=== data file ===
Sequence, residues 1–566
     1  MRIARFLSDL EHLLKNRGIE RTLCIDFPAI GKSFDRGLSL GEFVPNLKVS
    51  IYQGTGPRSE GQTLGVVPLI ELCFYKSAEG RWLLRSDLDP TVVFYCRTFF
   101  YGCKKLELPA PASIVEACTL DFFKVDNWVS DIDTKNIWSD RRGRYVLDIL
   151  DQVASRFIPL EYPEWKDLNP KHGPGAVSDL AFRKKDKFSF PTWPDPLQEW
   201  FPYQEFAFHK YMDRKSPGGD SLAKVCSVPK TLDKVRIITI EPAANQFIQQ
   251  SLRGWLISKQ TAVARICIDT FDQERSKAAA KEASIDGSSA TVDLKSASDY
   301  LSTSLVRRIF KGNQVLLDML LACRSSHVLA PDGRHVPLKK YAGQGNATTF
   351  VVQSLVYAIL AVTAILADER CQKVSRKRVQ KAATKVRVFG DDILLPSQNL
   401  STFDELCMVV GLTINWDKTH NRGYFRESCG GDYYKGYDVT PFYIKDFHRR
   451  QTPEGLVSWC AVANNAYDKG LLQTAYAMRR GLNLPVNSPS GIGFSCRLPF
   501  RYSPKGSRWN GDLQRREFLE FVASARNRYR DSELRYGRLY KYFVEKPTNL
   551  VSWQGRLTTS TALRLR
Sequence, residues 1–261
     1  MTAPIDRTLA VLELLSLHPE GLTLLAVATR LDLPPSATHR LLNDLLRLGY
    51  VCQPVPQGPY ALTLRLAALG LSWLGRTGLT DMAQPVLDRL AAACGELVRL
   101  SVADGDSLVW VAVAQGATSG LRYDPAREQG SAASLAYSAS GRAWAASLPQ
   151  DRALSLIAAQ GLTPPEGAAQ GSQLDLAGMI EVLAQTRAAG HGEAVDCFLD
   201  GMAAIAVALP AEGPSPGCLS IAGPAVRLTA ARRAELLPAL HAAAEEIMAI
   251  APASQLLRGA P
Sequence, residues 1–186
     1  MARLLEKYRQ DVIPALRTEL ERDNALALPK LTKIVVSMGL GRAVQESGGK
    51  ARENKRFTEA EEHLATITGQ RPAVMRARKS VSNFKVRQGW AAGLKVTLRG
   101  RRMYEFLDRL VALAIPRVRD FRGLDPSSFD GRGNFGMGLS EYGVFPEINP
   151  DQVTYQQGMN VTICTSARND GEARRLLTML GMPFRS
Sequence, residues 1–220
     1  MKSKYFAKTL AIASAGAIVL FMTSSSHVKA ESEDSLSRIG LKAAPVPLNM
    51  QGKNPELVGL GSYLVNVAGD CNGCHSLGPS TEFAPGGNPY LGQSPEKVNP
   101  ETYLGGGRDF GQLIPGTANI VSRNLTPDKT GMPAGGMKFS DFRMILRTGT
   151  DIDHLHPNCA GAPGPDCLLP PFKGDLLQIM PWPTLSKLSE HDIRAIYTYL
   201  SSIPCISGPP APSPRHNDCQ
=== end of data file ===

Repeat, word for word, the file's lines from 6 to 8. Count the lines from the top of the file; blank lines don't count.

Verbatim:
   201  FPYQEFAFHK YMDRKSPGGD SLAKVCSVPK TLDKVRIITI EPAANQFIQQ
   251  SLRGWLISKQ TAVARICIDT FDQERSKAAA KEASIDGSSA TVDLKSASDY
   301  LSTSLVRRIF KGNQVLLDML LACRSSHVLA PDGRHVPLKK YAGQGNATTF